"The lead investigator said to me kindly, 'Well, if it makes you feel any better, the person that was yelling for help is alive,'" she recalled.

Who was on top of whom during the scuffle?

Zimmerman says he killed Martin in self-defense after the teen punched him and slammed his head on the sidewalk, according to an Orlando Sentinel report that was later confirmed by Sanford police. One of the responding officers saw a wound on the back of Zimmerman's head and a bloody nose, and noted that his back was wet, indicating he had been lying in the grass, according to the police report.

Martin's family and supporters say Zimmerman, who is Hispanic, racially profiled the teen, who was black, and ignored a police dispatcher's directive not to follow him. Zimmerman's attorneys interpret the call differently, and say the operator did not order Zimmerman not to follow.

"I know it was very dark, but I really would have to say that I thought it was the larger person on top," the witness said, referring to the heavier build of Zimmerman.

Craig Sonner, another Zimmerman attorney, questioned how the witness could determine the identities of those on the ground at that time of night and from her vantage point.

"I think it was dark, and I don't think she's sure what she saw," Sonner said.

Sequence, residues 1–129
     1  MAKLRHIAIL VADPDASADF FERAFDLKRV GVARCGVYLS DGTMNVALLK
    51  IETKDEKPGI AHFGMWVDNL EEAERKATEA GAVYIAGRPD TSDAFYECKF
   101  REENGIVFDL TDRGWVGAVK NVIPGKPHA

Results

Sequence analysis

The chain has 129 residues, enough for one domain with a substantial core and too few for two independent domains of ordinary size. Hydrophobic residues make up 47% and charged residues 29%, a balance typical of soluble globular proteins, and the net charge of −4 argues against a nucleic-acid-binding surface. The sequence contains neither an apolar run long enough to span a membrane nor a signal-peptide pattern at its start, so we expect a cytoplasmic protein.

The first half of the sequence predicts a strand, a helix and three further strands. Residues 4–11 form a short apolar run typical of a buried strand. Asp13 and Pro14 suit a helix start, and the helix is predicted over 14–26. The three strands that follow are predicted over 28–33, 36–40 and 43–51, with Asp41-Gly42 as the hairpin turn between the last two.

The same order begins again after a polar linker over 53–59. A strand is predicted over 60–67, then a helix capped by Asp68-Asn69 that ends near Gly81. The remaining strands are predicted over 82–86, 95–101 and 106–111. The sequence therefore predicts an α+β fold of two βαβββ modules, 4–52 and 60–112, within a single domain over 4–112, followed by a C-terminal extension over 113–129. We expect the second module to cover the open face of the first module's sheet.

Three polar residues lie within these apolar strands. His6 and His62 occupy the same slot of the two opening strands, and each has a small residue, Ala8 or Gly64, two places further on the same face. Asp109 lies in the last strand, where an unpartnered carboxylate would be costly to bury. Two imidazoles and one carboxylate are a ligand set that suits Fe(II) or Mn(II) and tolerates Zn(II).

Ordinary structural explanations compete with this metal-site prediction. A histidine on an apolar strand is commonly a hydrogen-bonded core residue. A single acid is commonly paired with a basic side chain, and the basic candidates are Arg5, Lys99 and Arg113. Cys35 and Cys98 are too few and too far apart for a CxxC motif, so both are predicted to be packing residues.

The police investigation:

The Sanford police department has come under intense scrutiny for its actions following the shooting, and protesters have called for the firing of police Chief Bill Lee, who stepped aside temporarily last month amid criticism.

The witness declined to characterize her questioning by investigators as "in depth," instead saying "I just kind of told what I saw and heard."

She noted that when she offered to show the investigators where she saw the scuffle occur, she was told, "Nah, we don't need to see it."

She added that two phone calls to the lead detective have gone unanswered.

Her attorney, Derek Brett, said a follow-up visit on behalf of the state attorney's investigation on Wednesday yielded only 15 minutes of questioning.

"It was very general," Brett said, adding that had he been in the investigators' position, he would have had her recount her story again.

The state attorney's office declined to comment Friday, citing the ongoing investigation.

Sanford police did not respond to requests for comment Friday.

What will happen next?

A grand jury is expected to convene next week and could take up the case. Whether a grand jury will choose to indict, Sonner said: "we don't know."

Until now, only friends and relatives of Zimmerman's have come forward to offer his side of the story. Uhrig said Zimmerman "would love to be able to do that right now," but due to threats to his safety and the possibility of charges, he can't.

"There's going to be a time, hopefully in the fairly near future, where he'll have an opportunity to tell the public exactly what happened," Uhrig said.

Until then, Sonner cautions against jumping to conclusions.

"Everybody wants to know what happened, but we need to take a step back and let the evidence come out," he said.

CNN's Ashleigh Banfield contributed to this report.